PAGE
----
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Asparagus Health Benefits, Nutritional Value and Uses

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What is Asparagus?

Asparagus is a plant. The newly formed shoots (spears), root, and “underground stems” (rhizomes). Asparagus stalks are commonly eaten as a vegetable. Roots, seeds, and extracts have been used as a treatment for various illnesses and as a diuretic, despite the lack of clinical evidence.

Health Benefits of Asparagus

Regulating blood sugar: The Mayo Clinic notes that vitamin B6 may affect blood sugar levels and advises caution for people who have diabetes or low blood sugar. However, those with healthy levels can benefit from asparagus’s ability to regulate it.

Lowering the risk of type 2 diabetes: As with heart disease, risk of type 2 diabetes increases with excessive inflammation and oxidative stress. Therefore, asparagus’ impressive anti-inflammatory properties and high levels of antioxidants make it a good preventive food. A 2011 study published in the British Journal of Nutrition also suggested that asparagus’ ability to improve insulin secretion and improve beta-cell function also helps lower the risk of type 2 diabetes. Beta cells are unique cells in the pancreas that produce, store and release insulin.

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Anti-aging benefits: The antioxidant glutathione is thought to slow the aging process, according to a 1998 article in The Lancet journal. And the folate that asparagus provides works with B12 to prevent cognitive decline. A Tufts University study found that older adults with healthy levels of folate and B12 performed better during a test of response speed and mental flexibility than those with lower levels of folate and B12.

Skin: Yet another amazing thing about the antioxidant glutathione: it helps protect the skin from sun damage and pollution.


Keeping you cleansed and preventing kidney stones: Asparagus can act as a natural diuretic This can help rid the body of excess salt and fluid, making it especially good for people suffering from edema and high blood pressure. It also helps flush out toxins in kidneys and prevent kidney stones. On the other hand, the National Institutes of Health recommends that people who are suffering from uric acid kidney stones should avoid asparagus.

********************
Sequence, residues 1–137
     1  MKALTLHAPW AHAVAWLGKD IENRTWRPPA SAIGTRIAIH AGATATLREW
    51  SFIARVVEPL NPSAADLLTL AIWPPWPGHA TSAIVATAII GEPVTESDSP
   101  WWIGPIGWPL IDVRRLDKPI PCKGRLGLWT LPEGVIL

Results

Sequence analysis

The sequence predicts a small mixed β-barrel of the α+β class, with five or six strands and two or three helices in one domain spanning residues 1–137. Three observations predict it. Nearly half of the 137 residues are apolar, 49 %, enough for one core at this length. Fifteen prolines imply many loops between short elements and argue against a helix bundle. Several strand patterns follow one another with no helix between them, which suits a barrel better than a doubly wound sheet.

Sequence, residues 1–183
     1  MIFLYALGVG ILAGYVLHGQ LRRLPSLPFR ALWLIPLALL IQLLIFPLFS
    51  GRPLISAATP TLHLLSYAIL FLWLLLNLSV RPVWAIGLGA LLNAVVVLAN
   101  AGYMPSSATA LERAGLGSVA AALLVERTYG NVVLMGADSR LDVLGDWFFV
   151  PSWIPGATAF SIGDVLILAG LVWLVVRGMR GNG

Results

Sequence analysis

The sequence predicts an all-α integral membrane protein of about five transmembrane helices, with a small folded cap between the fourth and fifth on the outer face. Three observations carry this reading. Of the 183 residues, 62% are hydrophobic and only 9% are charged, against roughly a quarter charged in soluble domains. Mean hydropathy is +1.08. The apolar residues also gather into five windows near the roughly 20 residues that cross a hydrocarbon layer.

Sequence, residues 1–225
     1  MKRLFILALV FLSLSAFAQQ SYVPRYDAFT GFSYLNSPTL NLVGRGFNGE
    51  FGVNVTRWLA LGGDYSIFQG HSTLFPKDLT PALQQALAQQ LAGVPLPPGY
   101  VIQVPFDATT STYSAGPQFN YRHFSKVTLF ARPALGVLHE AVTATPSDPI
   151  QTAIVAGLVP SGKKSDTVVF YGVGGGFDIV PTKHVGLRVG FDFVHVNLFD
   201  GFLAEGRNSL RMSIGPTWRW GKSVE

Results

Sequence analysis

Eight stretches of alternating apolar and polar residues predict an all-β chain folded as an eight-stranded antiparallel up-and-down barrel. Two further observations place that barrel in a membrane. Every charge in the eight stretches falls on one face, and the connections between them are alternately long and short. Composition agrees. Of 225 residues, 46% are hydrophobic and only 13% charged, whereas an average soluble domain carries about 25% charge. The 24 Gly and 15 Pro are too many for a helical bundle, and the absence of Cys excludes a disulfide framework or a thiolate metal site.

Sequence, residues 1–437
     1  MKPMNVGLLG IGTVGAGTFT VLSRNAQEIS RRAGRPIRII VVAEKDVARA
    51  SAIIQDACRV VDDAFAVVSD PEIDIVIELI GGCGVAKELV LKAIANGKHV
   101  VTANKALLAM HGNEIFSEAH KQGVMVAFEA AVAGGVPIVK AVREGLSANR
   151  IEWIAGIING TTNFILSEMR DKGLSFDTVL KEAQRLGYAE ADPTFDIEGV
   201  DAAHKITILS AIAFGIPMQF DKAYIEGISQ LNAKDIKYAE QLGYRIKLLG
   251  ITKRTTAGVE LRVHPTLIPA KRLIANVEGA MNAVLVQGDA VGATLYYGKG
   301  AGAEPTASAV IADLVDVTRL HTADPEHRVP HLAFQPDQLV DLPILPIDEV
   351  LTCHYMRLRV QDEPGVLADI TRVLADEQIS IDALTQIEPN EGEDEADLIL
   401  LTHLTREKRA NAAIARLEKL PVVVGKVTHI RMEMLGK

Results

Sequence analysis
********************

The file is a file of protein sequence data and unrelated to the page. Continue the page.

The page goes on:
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Pregnancy health: Nutritionist Laura Flores noted asparagus’s significant amount of folate, which she said “is important for women of childbearing age to consume daily.” Folate can decrease the risk of neural-tube defects in fetuses, so it is essential that mothers-to-be get enough of it.

Digestive health: “Asparagus is known to help stabilize digestion due to the high amount of fiber and protein that it contains,” said Flores. “Both help move food through the gut and provide relief from discomfort during digestion.”

Cancer risk: Antioxidants and anti-inflammatories, which are found in great quantities in asparagus, are typically associated with decreased risk of cancers.

Uses of Asparagus

 

  • Asparagus is used as a treatment for various illnesses and as a diuretic, despite the lack of clinical evidence. Other species, such as Asparagus racemosus , are used in traditional Chinese and Ayurvedic medicine systems
  • Asparagus is used along with lots of fluids as “irrigation therapy” to increase urine output. It is also used to treat urinary tract infections and other conditions of the urinary tract that cause pain and swelling.
  • Asparagus is also used for preventing stones in the kidney and bladder and anemia due to folic acid deficiency.
  • Other uses include treatment of joint pain (rheumatism), hormone imbalances in women, dryness in the lungs and throat, constipation, nerve pain (neuritis), AIDS, cancer, and diseases caused by parasites.
  • In foods, asparagus spears are eaten as a vegetable. This can produce a pungent odor in the urine.
  • Some people apply asparagus directly to the skin for cleaning the face, drying sores, and treating acne.
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